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America’s most conservative-friendly county is Williamson County: Horse farms, guitar-shaped pools and low taxes

Photo of Aleksandra Kulczuga
Aleksandra Kulczuga
Contributor

More than 175,000 lucky Tennesseans live nestled in the green rolling hills of what is, when adjusted for cost of living, America’s wealthiest county. Home to vast horse farms and country music stars’ getaways, bucolic Williamson County is located just south of Nashville, and tops The Daily Caller’s list of America’s 100 most conservative-friendly counties (click for slideshow of the top 20).

“There’s more guitar-shaped swimming pools per square mile than anywhere else I can think of,” said Billy Cerveny, a singer-songwriter who has lived in the area for 10 years.

This sprawling county is home to the cities of Brentwood, filled with mansions and manicured ranches, as well as Franklin, a storybook American small town. “Franklin,” said Cerveny, is “country chic — it’s where you’d go to find a very expensive distressed antique dining room table you’ve been looking for.”

“It’s not flashy though,” he added. “I mean, Nashville was really excited when they got a Cheesecake Factory.”

Residents are big on regular church attendance as well. “You can’t swing a dead cat and not hit a church,” said Cerveny. “It’s very evangelical in that sense.”

There is certainly a lot of money in and around Nashville. With favorable tax rates and a business-friendly environment, Williamson County has become a magnet for corporations, too.

Large multi-nationals have been drawn to the area, and Nissan North America recently relocated its headquarters here from California — helping the county achieve one of the lowest unemployment rates in the state. According to the county’s bureau of economic development, 21 percent of the local economy is made up of entrepreneurs.

What may surprise some is that the largest employer is not in the music or horse industry, but rather health care. The state’s second-largest hospital, the for-profit Community Health Systems is headquartered here.

The county prides itself on fiscal responsibility. “One of the things that I’m most proud of is that Williamson County is rated by Moody’s as a AAA county. We’re the only county in Tennessee to have that rating. And both of our cities have a AAA rating as well,” said County Mayor Rogers Anderson.

“It’s very important for us to balance our books, and nearly two-thirds of the operational budget goes to public education,” he said. “From bow to stern, we’re all held very accountable in our county.”

“The driving force that people are looking here for is our public education system,” said Anderson. “We have a 92-95 percent graduation rate in high school.”

“We’re very conservative, and we’re proud of what the people here have,” he continued. “We’ve had a very strong growing community, this is a great place to live.”

“It is the best place on earth,” said Representative Marsha Blackburn, a Republican, who has represented the area since 2003. “I have a list of bests that pertain to the 7th Congressional District — best BBQ, best fried pies, just a list of superlatives — and friendly people with the right values in the mix.”

Democrat Lincoln Davis, who as The Daily Caller points out will be one of the deciding votes on health care, also represents a small portion of Williamson County.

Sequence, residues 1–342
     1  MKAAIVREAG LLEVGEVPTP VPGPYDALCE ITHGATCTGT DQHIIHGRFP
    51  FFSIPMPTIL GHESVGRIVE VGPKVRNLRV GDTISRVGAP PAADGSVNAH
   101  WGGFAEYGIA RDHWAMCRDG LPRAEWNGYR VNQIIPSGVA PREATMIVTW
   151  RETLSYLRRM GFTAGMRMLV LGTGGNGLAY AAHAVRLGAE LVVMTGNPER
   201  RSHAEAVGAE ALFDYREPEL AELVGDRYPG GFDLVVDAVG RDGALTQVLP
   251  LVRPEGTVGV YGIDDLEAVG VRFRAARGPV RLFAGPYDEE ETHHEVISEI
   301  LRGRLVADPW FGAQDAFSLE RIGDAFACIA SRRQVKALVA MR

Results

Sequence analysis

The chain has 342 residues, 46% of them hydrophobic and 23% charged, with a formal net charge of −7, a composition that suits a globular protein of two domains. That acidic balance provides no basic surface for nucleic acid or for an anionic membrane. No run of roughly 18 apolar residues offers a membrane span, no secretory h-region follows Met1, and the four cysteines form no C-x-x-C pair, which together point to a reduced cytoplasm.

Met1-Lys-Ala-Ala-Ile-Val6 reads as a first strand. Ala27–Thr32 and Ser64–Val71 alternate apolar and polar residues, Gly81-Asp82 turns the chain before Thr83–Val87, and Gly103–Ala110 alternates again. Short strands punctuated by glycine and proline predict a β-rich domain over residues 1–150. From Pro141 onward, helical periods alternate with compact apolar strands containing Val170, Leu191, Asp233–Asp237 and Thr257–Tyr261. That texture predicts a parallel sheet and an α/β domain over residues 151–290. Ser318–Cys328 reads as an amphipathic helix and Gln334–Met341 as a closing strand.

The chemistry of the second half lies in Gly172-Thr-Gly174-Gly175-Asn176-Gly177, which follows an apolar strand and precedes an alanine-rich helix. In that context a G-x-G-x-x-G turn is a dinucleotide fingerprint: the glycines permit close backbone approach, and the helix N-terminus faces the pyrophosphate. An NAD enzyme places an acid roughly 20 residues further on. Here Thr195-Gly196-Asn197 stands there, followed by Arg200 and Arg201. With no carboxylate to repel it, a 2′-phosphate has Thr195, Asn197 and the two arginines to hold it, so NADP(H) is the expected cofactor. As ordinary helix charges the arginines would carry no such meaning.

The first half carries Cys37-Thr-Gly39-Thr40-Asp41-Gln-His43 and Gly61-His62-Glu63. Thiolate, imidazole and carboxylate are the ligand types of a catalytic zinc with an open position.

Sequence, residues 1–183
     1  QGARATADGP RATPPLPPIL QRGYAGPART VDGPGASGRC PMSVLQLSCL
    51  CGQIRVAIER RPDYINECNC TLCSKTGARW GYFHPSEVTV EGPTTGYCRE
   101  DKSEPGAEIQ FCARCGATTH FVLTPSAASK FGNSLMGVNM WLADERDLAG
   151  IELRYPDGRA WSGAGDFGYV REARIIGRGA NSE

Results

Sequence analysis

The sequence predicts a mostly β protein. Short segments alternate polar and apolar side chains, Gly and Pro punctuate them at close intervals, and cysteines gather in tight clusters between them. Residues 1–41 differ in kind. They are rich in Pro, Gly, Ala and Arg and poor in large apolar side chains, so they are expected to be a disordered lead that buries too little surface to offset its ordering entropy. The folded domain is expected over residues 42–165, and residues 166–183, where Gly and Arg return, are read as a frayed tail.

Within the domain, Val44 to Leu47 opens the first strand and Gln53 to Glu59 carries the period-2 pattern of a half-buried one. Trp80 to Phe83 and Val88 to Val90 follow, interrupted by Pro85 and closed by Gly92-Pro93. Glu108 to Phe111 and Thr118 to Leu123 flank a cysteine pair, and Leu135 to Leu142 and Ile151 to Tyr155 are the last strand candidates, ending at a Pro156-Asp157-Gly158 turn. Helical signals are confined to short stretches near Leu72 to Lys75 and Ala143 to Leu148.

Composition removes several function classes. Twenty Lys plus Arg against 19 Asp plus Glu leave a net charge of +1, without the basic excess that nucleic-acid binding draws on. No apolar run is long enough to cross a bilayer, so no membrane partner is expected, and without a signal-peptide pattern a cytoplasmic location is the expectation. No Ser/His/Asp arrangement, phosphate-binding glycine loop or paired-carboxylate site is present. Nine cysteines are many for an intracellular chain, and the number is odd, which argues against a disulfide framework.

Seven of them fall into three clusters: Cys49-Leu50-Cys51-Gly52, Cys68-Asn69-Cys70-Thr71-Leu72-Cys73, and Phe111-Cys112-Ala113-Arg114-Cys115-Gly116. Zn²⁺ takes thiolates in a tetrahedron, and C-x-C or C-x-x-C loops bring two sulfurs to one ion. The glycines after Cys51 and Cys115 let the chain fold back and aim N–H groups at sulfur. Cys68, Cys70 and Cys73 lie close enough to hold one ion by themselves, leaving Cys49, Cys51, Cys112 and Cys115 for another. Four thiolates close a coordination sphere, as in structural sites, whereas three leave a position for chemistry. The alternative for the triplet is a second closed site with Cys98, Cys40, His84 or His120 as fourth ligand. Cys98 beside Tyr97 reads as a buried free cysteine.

“There’s a wonderfully diverse economic base, from financial services companies, Nissan, Mars, a good mix of the auto industry, health care, medical, construction. You have live entertainment, music labels, pro-sports – it’s a beautiful microcosm.”

“One thing that I think is quite unique about this area,” she said,  “is the community there is formed of people that love having a solid and enriching quality of life. They fully believe that it is important to give back more than you take. The community is incredibly generous, charity events are numerous. Our friends and neighbors seek out opportunities to give back.”

Contact Aleksandra at: ak[at]dailycaller[dot]com.

  • Pingback: Define “Evangelical” | TheCollegeConservative

  • knudsonpt

    I guess when you keep poor people out, suck out much of the wealth from Nashville, and poach companies that prosper because people in more liberal and educated states built those firms, you can be wealthy and have low taxes.

  • anb722

    i grew up in brentwood, now live in nashville.
    yes, brentwood is a very nice, safe place for scared white people to live. but i’d like to see the data backing the claim of low taxes. i guess they are low compared to taxachussetts, maybe because there’s no state income tax? and i’m not sure how having lots of churches makes you “evangelical”?
    oh and marcia, i’d love to know where you get your fried pies in brentwood? i have found the best i’ve ever had on jefferson st (mayo & mahalia’s).

  • http://www.facebook.com/people/Michael-Klempin/1535473592 Michael Klempin

    Great info on these counties…..very familiar with some, and very familiar with Wlliamson county. Ran into Faith Hill a few years ago at the Borders book store in Cool Springs. No ethic gangs here.

  • gamalpha

    The proof is in the pudding. Conservativism leads to heaven on earth and liberalism leads to hell

    • hifi

      Have to agree with you. No Acorn in Williamson Co.

  • flips

    These are great communities that don’t have to worry about diversity. White folks can feel safe there.

    • strawhat88

      And it’s a short run to the church when they fell “persecuted” and “oppressed”.

    • godgnsguts

      There you go with your racist ignorant comments spewing out of your anus again. Are you saying all other colors are ALL liberals?

      • strawhat88

        No, I’m just calling you an a$$hole.